Terry Hunter, VP of ecommerce and client strategy at Astound Commerce, reveals his tips on how to prepare and how buinesses can cope with the shopping frenzy known as Black Friday...
Black Friday is still over a month away, but many retailers have already taken steps to prepare. And when you consider how popular this particular shopping event has become in recent years, it’s easy to see why.
Following the success of Black Friday 2014 and a steady increase in online shopping generally among the UK public, there’s an expectation this year’s sales will reach never before seen levels. But, while this growth offers a significant opportunity for retailers and ecommerce players, it also represents a major challenge.
A high-profile event like Black Friday not only attracts hordes of consumers, it creates more competition. So, in order to take advantage of the opportunity an event like this represents, and avoid suffering lost opportunities or missed sales conversions, retailers in 2015 have two equally important considerations to take into account – website performance and the impact of social selling.
Putting social to work
Faced with stiff competition, it’s vital to ensure a high level of interest around Black Friday sale lines. To make this a reality in today’s hyper-competitive online retail landscape, brands need to make the most of all assets at their disposal. Yes, it’s important to focus resources on website development and ensure users get a consistent high quality experience. But it’s also essential to effectively use content across social media and other channels to act as a competitive differentiator, build brand loyalty, and contribute to the overall sales funnel.
To this end, retailers would be wise to consider their social media efforts and how this ties into the overarching sales strategy, driving more users to a retailer’s website and thereby increasing conversions during a period where more people are shopping.
Combining targeted social media promotion and brand-building content marketing into Black Friday promotional efforts has another inherent advantage, as this approach can be built on a bank of existing customer data. By using this information and pairing it with tailored sale suggestions based on a customer’s previous buying history, it’s possible to drive additional traffic and conversions.
Optimising for the modern user experience
Once brands have customers on board and are driving increased traffic from social media, it’s important to make sure their ecommerce website can stand the heat. It’s a well-documented fact that a reduction in page loading times can lead to an increase in conversion rates, making site functionality incredibly important.
It should be put at the forefront of planning efforts around a major high traffic event like Black Friday, and retailers should take steps to ensure their websites are as optimised as possible.
Compressing resources to help reduce server workload is an important first step. Those resources should also be optimised for web viewing rather than serving up hi-res images and assets to visitors, which will create problems during periods of high traffic. The best way to approach this is to work with an ecommerce platform expert in the months leading up to an event like Black Friday, ensuring the website and checkout process is optimised and free of bottlenecks that could result in lost sales.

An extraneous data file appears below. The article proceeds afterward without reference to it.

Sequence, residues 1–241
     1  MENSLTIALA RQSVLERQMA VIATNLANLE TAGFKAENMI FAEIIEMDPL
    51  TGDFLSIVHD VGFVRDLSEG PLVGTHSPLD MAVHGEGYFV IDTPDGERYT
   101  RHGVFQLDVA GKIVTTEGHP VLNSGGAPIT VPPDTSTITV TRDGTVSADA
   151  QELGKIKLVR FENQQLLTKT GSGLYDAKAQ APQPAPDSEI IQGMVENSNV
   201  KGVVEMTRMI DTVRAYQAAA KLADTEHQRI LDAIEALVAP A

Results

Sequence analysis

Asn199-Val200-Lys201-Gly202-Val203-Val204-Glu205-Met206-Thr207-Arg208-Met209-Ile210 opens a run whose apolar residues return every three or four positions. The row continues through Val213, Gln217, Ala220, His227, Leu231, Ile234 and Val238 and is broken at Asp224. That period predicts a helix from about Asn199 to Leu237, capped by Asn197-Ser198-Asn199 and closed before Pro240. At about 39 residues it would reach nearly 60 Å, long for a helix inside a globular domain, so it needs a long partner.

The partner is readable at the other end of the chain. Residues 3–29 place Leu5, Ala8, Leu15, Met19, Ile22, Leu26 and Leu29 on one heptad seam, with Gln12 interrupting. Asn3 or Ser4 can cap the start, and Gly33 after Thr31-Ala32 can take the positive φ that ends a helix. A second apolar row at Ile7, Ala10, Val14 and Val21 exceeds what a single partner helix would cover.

Since there’s no avoiding the fact mobile devices now represent a major segment of traffic, it would be foolish not to ensure ecommerce sites are optimised for mobile users too. In the same way each individual sales channel is important, so is optimising the user experience for different mobile devices. This is especially true when you consider today’s shoppers aren’t always influenced to make a purchase by one sales channel alone. They might start their search on a mobile before ultimately buying what they want on their PC, or even in store.
To avoid missed opportunities and lost sales along the way, it’s imperative retailers give consumers a consistent and high-quality experience across the board, including mobile. Up until a few years ago optimising an ecommerce website for mobile devices was a competitive advantage. Now, though, it’s a necessity.
Test, test, and test again
However, there’s more to preparing an ecommerce website for major calendar events than merely putting steps in place to improve the user experience. Testing also has an important role to play.
Optimisation is important, of course, but it’s worthless without appropriate stress testing to avoid falling foul of high traffic periods. Retailers should carry out a full inspection of their website and IT systems to make sure they can cope with inevitable spikes in traffic volumes, to avoid brand damage or similar issues that retailers suffered last year when customers were forced to sit in long holding queues.
Retailers must understand which assets are likely to fail during periods of high traffic, which means stress testing doesn’t stop with the website. Granted, it’s the first port of call for a consumer and is the primary sales portal for a retailer during this period. But, it’s also vital that all other parts of the sales funnel, including back-end systems, can handle a significantly increased volume of orders.
There’s obviously an inherent benefit to developing a contingency plan for volume surges too. But with a fully optimised website these types of issues should be few and far between, even when faced with exponential traffic during Black Friday.
Terry Hunter is VP of ecommerce and client strategy at ecommerce agency Astound Commerce.